Dear ABC News Fixer: Just Married, Just Ran Into Joint Banking Problems

PHOTO: Follow these tips for better newlywed banking.

Dear ABC New Fixer: My son is serving our country in Kuwait. He left on Oct. 5. He and his newlywed wife were given less than one month to prepare.

She was left with the responsibility to pay the bills and be his support and strength here at home. On Oct. 15, she went to Union Bank to show them her power of attorney document to get access to their funds and pay their bills. The bank employee said her document didn't have a notary seal, so they could not accept it.

That night, she found the correct document that was notarized and took it to the bank the next day. They told her my son's signature does not match. (He had opened the account when he was in high school.) They treated her like she forged the documents.

She showed them their marriage license, documents showing deployments and other documents with his signature. I, as his mom, called the corporate office's customer service; they suggested my daughter-in-law try another branch. She did, but they wouldn't give her access because the other branch had made notes of these issues.

- Estela Moreno, Running Springs, Calif.

Dear Estela: By the time we got this letter, your new daughter-in-law was so frustrated she was ready to switch her hubby's direct deposit to another bank. We can only imagine how tricky that would be.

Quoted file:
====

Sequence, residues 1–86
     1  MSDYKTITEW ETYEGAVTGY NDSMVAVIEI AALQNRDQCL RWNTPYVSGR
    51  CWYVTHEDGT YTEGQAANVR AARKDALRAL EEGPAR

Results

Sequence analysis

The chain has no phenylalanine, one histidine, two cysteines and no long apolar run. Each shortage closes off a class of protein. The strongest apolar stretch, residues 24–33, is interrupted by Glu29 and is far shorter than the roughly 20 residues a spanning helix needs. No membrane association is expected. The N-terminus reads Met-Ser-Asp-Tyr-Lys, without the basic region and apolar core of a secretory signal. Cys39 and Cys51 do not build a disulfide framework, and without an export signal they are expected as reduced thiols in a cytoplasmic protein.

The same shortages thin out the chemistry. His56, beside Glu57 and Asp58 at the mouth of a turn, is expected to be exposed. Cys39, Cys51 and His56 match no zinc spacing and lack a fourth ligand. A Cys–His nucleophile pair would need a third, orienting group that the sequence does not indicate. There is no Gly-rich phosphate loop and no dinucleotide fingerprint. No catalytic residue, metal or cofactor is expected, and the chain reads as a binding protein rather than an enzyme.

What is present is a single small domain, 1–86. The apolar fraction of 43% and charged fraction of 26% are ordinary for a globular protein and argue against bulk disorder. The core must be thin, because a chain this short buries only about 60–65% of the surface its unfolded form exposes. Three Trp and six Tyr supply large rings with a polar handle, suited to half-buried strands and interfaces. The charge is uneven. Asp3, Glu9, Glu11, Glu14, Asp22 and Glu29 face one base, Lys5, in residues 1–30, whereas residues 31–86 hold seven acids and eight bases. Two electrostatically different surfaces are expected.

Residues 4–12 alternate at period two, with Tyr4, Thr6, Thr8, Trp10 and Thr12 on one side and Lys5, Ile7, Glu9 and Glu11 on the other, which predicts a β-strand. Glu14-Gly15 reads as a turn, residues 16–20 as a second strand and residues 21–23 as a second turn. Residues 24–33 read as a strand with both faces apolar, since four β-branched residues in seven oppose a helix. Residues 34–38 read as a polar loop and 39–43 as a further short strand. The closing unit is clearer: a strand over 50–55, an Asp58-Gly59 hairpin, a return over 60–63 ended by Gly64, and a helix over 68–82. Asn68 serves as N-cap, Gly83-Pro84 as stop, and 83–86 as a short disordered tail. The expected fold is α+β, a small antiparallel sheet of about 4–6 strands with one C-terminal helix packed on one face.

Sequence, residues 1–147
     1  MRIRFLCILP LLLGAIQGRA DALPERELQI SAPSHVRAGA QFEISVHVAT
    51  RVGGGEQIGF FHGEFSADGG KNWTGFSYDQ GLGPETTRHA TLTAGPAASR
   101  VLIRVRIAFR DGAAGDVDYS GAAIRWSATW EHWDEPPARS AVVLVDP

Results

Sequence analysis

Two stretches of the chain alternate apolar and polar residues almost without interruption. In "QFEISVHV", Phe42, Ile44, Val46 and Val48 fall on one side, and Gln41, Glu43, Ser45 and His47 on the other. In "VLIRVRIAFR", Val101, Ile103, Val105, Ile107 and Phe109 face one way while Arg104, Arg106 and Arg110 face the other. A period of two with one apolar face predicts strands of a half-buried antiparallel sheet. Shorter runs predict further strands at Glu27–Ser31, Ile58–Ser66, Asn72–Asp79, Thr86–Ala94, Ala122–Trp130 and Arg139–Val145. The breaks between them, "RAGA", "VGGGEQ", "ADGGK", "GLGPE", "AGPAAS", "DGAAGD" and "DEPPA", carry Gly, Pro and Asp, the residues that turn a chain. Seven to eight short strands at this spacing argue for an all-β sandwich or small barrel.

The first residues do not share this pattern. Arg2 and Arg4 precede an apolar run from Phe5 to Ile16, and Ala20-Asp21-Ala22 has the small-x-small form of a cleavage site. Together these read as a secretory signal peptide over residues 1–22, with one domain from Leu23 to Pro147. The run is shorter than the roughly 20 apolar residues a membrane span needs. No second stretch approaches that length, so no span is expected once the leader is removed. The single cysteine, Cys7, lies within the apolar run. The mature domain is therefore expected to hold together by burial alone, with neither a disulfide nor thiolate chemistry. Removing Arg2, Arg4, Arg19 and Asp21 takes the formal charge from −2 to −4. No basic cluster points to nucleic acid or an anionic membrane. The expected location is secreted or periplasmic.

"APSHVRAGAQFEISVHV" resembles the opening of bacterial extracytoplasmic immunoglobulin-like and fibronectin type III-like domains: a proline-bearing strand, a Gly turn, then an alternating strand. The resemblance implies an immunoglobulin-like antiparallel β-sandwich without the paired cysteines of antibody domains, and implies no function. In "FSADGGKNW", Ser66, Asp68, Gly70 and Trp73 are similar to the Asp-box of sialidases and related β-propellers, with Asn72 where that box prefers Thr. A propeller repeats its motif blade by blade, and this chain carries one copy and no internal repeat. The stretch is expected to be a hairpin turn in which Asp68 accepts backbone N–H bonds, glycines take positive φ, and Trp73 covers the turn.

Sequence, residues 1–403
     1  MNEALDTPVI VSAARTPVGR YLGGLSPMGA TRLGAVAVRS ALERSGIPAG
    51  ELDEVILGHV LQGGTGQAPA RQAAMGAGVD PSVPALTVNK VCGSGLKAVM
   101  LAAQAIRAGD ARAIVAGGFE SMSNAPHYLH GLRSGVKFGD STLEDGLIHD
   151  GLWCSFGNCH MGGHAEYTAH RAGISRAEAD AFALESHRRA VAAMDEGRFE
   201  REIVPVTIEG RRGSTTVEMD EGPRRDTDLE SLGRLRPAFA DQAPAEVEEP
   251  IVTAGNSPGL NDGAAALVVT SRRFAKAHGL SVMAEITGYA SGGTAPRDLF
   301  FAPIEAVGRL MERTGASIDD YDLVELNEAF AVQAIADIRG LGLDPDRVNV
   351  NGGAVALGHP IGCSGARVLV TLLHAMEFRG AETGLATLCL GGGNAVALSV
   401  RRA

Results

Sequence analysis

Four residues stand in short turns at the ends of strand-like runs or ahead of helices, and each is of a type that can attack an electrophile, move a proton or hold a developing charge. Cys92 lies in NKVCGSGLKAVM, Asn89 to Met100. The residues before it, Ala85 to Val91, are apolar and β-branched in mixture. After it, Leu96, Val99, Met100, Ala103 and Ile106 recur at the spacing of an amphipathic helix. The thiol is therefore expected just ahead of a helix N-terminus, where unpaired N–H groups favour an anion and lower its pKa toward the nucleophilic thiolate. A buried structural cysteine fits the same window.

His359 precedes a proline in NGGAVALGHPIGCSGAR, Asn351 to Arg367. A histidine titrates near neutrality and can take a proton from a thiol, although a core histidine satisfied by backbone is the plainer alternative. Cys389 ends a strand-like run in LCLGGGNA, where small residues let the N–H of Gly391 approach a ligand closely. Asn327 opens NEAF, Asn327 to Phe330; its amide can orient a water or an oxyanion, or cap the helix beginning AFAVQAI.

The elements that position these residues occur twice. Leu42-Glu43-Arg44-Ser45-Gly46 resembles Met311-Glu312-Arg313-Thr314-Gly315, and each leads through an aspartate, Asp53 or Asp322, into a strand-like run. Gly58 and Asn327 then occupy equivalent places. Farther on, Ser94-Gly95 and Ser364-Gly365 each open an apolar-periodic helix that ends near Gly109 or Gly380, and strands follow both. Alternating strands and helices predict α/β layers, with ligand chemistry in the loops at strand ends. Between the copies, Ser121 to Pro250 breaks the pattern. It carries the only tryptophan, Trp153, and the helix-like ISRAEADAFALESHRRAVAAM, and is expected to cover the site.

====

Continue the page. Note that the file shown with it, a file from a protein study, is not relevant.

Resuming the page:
We had a little better luck after contacting a senior VP at Union Bank in Los Angeles and explaining what happened. They were able to clear up the misunderstanding and get the local branch to accept the notarized power of attorney document, so now your daughter-in-law is good to go.

As for how to prevent this: We get the whole individual bank account thing – newlyweds often keep their original accounts for a while before plunging forward with a joint checking account. But military spouses should make sure both names are on such accounts because you never know when duty may call.

Here's some more advice for all new military spouses:

Research the tax breaks and benefits available to service members. For example, the Thrift Savings Plan is a low-cost way to save for retirement and lower your taxable income. For more info, CLICK HERE.

The Savings Deposit Program lets personnel deployed to designated combat zones and receiving hostile fire pay get 10 percent annual interest on up to $10,000 in savings. For details, CLICK HERE.

Stay on top of all financial matters, including reviewing the beneficiary info on life insurance policies and drawing up wills and power of attorney documents.

Be sure to check out which businesses offer military discounts. You deserve them. There's one resource for you at Military.com.

- The ABC News Fixer

Got a consumer problem? The ABC News Fixer may be able to help. Click here to submit your problem online. Letters are edited for length and clarity.

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